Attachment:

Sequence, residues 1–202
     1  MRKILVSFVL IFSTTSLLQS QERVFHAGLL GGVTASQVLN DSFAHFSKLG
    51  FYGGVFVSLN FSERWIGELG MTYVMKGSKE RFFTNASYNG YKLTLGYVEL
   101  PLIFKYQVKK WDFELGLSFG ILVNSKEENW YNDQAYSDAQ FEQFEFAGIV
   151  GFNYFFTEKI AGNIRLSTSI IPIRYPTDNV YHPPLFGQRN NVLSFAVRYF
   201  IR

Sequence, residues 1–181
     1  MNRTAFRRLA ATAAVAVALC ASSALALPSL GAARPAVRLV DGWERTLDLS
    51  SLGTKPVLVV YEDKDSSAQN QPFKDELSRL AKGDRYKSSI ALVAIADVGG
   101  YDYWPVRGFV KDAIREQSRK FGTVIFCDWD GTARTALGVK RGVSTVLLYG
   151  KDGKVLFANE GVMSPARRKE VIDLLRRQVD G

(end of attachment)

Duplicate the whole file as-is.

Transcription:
Sequence, residues 1–202
     1  MRKILVSFVL IFSTTSLLQS QERVFHAGLL GGVTASQVLN DSFAHFSKLG
    51  FYGGVFVSLN FSERWIGELG MTYVMKGSKE RFFTNASYNG YKLTLGYVEL
   101  PLIFKYQVKK WDFELGLSFG ILVNSKEENW YNDQAYSDAQ FEQFEFAGIV
   151  GFNYFFTEKI AGNIRLSTSI IPIRYPTDNV YHPPLFGQRN NVLSFAVRYF
   201  IR

Sequence, residues 1–181
     1  MNRTAFRRLA ATAAVAVALC ASSALALPSL GAARPAVRLV DGWERTLDLS
    51  SLGTKPVLVV YEDKDSSAQN QPFKDELSRL AKGDRYKSSI ALVAIADVGG
   101  YDYWPVRGFV KDAIREQSRK FGTVIFCDWD GTARTALGVK RGVSTVLLYG
   151  KDGKVLFANE GVMSPARRKE VIDLLRRQVD G